South Africa Launches New Crypto Adverts
Byline: Hannah Parke
The country’s Advertising Regulatory Board (ARB) has added a new clause that deals with cryptocurrency products and services features to the Code of Advertising Practice. South Africa’s new crypto clause protects consumers from being misled by unethical advertisers. It results from consultation and agreement with the cryptocurrency industry, with Luno playing a significant part as one of the leading crypto companies in South Africa. The country’s crypto ads must clarify that investing in crypto assets may lead to loss of funds and must re-echo the warning statement instead of downplaying it.
South African individuals and companies must abide by the advertising standards regarding the provision of cryptocurrency products and services in a newly introduced clause 17 of Section III of the country’s advertising code. The CEO of ARB, Gail Schimmel, noted, “This has been an exciting project, and we know that it will result in better protection for vulnerable consumers. The new crypto rules protect consumers from being misled by unethical advertisers and result from consultation and agreement with the cryptocurrency industry in South Africa.” Schimmel added, “This is a wonderful example of an industry that sees the harm that could be done in its name and steps up to self-regulate the issues without being forced to do so by the government.”
Luno is a cryptocurrency exchange founded in 2013 and a prominent service provider in South Africa. Insiders at Bitcoineer Official mentioned that the exchange has made efforts within the crypto investment space, education, and bringing crypto to over 11 million people in more than 40 countries across Asia, Africa, Australia, Europe and the US. Luno’s part in formulating crypto advertising guidelines in the country comes when the global crypto industry is looking to recover from a series of upheavals and fraudulent activities over the past year.
For instance, in 2020, Mirror Trading International CEO Johan Steynberg escaped the country with sole control of wallets containing around 23,000 Bitcoin that belonged to thousands of investors. In 2021 another South African investment scheme Africrypt made waves as another massive red flag as the two brothers claimed that a hacking incident resulted in the loss of $200 million worth of cryptocurrencies that the fund managed.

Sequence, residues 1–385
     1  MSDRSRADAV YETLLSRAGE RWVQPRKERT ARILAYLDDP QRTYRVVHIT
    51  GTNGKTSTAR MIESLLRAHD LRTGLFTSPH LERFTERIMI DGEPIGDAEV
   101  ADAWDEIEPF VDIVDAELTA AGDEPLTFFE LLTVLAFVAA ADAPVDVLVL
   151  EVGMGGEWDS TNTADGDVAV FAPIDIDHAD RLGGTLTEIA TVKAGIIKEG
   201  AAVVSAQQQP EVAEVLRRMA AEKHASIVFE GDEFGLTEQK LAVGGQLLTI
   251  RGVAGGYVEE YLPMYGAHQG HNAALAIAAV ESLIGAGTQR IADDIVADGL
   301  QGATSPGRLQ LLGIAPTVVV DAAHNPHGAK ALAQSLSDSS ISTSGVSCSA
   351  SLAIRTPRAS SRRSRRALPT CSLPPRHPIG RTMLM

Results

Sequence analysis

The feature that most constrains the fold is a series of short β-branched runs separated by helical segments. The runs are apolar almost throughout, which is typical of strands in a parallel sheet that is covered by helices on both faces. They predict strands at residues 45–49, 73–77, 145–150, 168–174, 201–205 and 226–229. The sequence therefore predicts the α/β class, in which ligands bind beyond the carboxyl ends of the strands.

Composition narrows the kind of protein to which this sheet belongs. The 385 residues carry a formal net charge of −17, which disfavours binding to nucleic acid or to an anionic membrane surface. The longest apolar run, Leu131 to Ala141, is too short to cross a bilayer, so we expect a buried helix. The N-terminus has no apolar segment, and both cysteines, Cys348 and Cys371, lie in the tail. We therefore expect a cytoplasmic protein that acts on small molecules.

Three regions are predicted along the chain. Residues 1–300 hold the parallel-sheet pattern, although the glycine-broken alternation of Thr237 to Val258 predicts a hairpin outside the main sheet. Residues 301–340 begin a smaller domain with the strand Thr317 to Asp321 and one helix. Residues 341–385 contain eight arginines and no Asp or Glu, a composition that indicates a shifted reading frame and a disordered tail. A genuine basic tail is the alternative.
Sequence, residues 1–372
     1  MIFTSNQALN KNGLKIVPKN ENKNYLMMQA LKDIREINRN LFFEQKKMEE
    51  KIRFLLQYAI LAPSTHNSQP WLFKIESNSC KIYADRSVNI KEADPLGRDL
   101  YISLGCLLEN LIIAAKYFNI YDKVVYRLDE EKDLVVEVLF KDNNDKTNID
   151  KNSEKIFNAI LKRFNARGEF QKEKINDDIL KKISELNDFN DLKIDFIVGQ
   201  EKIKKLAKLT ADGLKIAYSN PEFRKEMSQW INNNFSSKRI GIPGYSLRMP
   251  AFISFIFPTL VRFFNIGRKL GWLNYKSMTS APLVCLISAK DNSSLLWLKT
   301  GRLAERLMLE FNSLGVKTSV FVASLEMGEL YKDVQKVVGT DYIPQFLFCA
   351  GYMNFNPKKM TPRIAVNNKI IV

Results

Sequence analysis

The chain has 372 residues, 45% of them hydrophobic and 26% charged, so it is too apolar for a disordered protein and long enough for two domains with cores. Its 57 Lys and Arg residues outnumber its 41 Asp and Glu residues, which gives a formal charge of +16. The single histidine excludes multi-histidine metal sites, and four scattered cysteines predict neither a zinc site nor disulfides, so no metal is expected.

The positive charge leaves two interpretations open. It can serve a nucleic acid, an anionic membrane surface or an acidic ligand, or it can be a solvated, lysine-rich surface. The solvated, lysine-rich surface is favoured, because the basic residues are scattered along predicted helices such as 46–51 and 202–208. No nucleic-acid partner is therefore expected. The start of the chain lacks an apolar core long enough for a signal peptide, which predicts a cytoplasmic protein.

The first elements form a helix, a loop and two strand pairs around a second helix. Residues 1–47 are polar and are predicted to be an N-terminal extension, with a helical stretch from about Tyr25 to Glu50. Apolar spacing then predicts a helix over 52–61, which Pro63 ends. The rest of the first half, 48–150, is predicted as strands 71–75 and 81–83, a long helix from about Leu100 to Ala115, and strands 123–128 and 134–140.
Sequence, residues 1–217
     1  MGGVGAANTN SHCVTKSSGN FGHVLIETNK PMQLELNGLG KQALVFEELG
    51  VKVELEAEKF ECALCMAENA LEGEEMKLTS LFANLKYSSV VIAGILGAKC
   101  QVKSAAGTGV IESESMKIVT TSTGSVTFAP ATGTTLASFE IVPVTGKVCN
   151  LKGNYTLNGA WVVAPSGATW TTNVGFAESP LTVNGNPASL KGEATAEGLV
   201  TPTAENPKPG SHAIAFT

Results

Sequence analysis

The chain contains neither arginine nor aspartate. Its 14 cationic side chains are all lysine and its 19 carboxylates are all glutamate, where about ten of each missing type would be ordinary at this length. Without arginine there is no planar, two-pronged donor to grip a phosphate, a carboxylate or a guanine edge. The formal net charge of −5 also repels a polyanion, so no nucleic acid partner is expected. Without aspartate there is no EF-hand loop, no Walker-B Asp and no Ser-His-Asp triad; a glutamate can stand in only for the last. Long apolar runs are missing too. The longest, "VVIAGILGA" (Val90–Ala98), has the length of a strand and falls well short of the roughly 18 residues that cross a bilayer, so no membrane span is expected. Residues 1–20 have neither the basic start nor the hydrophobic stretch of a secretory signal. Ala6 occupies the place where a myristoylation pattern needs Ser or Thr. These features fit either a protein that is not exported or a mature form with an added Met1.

In October 2022, the Financial Sector Conduct Authority (FSCA) announced cryptocurrencies as a financial asset in South Africa, which opened a path to professionalise and regulate the crypto industry in the country. The move also allows authorities to take on scammers in the form of prison time and hefty fines.
According to General Manager for Africa at Luno, Marius Reitz, the rules around ethical advertising are non-negotiable for the crypto industry and a reason why Luno approached the regulatory body to develop new regulations alongside significant players in the local crypto industry. Reitz said, “We don’t want rogue advertisers making claims that mislead vulnerable consumers about the reality of crypto investment. Consumers must enter this exciting market with open eyes and realistic expectations.” Reitz added that “media platforms are understandably looking for advertisers, but we were concerned that they weren’t doing adequate due diligence on whether advertisers were above board”.
The New Clause in Detail
The new clause requires that advertisements clearly and plainly state that investing in crypto assets may result in capital loss as cryptocurrencies are notoriously volatile. Adverts must not hide warnings about potential investment losses. An advertisement of a particular product must explain its offerings clearly to its target audience and be balanced, which means that all the risks, returns, features, and benefits should be clearly stated and supported by adequate substantiation.
Historical performance of the crypto market must not be used to create a favourable future impression of the advertised product or service; it must be made clear that past performance is not indicative of future performance. Unregistered credit providers are not allowed to give or encourage the purchase of crypto assets on credit. When using influencers or ambassadors to promote a crypto asset product or service, it is essential that every piece of information they give is factual and must comply with Appendix K requirements. Ambassadors and influencers may not offer advice on investing or trading in crypto assets and may not promise benefits or returns.
In South Africa, ARB is a self-regulatory body of the advertising and public relations industry which has jurisdiction over companies and advertisers, whether they are members or not. The Supreme Court of Appeal in 2022 affirmed that every electronic broadcaster must follow the Code of Advertising Practice as administered and determined by the ARB. All electronic broadcast media advertising is subject to the Electronic Communications Act, 2005 (ECA).
The ARB’s new crypto advertisements clause plans to steer South Africa away from suspicious crypto entities, but adverts beyond the purview of the ARB will still be problematic. The Advertising Regulatory Board was set up to protect the South African consumer through the self-regulation of advertising, including packaging. The new crypto adverts clause protects unsuspecting users from being misled by unethical adverts and scammers. South Africa is taking steps to ensure that they clarify crypto advert clauses to their consumers.